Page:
Camp Lejeune Water Contamination Birth Defects

People residing at Camp Lejeune between 1953 and 1987 may have been exposed to various toxic chemicals known as volatile organic compounds (VOC). Specific VOCs found at Camp Lejeune have been associated with birth defects, childhood cancers, and other serious health issues. A recently signed bill allows victims to bring lawsuits against the U.S. government.

Birth Defects Caused by Camp Lejeune Toxic Exposures

The chemicals identified in the water at Camp Lejeune can cause serious health problems in people who are exposed, including cancers and chronic diseases.

When pregnant women are exposed, these VOCs can also cause serious defects in their babies. Birth defects associated with exposure to the chemicals found at Camp Lejeune include:

  • Neural tube defects (NTDs): The neural tube is a structure in the embryo that forms the brain and spinal cord. This process doesn’t happen correctly if a child has a neural tube defect. According to the Annual Review of Neuroscience, the most common NTDs are spina bifida and anencephaly. In children with spina bifida, the spinal column doesn’t close properly, leaving part of the spinal cord unprotected. This can cause various complications, including paralysis and brain damage (from a buildup of fluid around the brain). Children with anencephaly are born with an underdeveloped brain and incomplete skull; this condition is fatal.
  • Preterm birth or low birth weight: Both conditions significantly increase a baby’s risk for a variety of serious health problems.
  • Oral clefts (such as cleft lip): These birth defects happen when the baby’s roof of the mouth (the palate) doesn’t form completely, leaving a space, or cleft, in the child’s upper lip or the roof of the mouth.
  • Choanal atresia: In this condition, the baby is born with blocked nasal passages of membranous soft tissue, bone, or a combination of both. Because newborns must breathe through their noses, this is potentially a very serious condition.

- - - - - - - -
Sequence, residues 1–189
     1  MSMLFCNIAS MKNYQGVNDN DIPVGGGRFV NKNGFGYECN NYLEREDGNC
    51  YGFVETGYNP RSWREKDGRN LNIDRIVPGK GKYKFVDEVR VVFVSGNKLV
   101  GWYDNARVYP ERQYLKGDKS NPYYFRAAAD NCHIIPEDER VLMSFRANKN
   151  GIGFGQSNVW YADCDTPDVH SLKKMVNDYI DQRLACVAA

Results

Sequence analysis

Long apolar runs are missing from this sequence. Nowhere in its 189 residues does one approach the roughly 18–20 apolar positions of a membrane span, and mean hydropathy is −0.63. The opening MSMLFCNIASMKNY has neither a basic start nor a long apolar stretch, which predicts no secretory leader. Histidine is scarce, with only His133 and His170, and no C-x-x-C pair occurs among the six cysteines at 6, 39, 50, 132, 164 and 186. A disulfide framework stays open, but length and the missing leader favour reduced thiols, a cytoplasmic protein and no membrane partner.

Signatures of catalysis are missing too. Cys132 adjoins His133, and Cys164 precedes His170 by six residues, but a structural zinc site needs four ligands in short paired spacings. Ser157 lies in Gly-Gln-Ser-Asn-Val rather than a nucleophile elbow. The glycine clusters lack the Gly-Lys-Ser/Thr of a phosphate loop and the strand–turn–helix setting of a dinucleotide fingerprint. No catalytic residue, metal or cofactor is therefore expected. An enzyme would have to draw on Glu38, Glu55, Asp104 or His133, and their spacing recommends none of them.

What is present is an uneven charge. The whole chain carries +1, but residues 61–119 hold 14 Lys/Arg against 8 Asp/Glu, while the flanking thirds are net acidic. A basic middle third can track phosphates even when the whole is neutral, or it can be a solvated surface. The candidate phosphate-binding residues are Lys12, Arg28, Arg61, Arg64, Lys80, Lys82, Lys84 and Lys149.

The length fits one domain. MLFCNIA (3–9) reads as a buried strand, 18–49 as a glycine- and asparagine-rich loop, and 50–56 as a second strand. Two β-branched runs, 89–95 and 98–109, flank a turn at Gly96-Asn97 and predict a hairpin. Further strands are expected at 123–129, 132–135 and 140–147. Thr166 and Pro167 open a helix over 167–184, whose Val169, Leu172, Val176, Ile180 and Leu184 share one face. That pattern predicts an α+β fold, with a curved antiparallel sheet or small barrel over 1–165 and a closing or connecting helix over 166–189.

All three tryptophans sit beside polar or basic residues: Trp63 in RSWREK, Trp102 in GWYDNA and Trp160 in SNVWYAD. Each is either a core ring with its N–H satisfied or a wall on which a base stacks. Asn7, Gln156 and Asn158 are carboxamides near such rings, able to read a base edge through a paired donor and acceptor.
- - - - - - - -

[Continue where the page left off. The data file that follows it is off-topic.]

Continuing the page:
• Congenital eye defects: Examples include anophthalmia (no eye), optic nerve hypoplasia (underdeveloped optic nerve), and microphthalmia (small eye). These can have serious effects on a child’s vision.
  • Miscarriage or fetal death: Although not a birth defect, a pregnancy loss can have a devastating effect on a family.

Other major congenital malformations have also been associated with exposure to VOCs during pregnancy.

A study published in Environmental Health shared that in addition to birth defects, connections have been found between exposure to the contaminants at Camp Lejeune and certain childhood cancers, including leukemia and lymphoma.

It’s important to note that research regarding the health effects of the water contamination and vapor intrusion at Camp Lejeune is still ongoing. It may be many years before we know the severity of the toxic effects on service members and their families.

The Camp Lejeune Justice Act of 2022

President Biden recently signed into law the Camp Lejeune Justice Act of 2022. This law was passed as part of a larger bill known as the Honoring our Promise to Address Comprehensive Toxics Act of 2022 (or Honoring our PACT).

This bill allows people harmed by toxic exposures at Camp Lejeune to file lawsuits against the federal government related to the health effects they have experienced.

Normally, the U.S. government can claim immunity from a lawsuit. The Camp Lejeune Justice Act of 2022 prevents the government from claiming immunity, allowing victims to file lawsuits against it for the effects of these toxic exposures.

People may be eligible to bring lawsuits if they were exposed to contaminated water at Camp Lejeune for at least 30 days between August 1, 1953 and December 31, 1987. This includes in-utero exposure. Because this bill was signed into law recently, it’s too soon to know the likely outcomes of these specific lawsuits.

The Birth Injury Center Can Help

Those who have suffered health effects that have been associated with the toxic chemicals present at Camp Lejeune may be able to receive a financial settlement, which can help cover medical bills and other costs associated with these health problems.

If you were at Camp Lejeune while pregnant during the time period of 1953 to 1987, and your child was born with a birth defect or developed childhood leukemia or lymphoma, it could be within your rights to file a lawsuit against the federal government.

Contact the Birth Injury Center for a free case review to determine whether you may be eligible to file.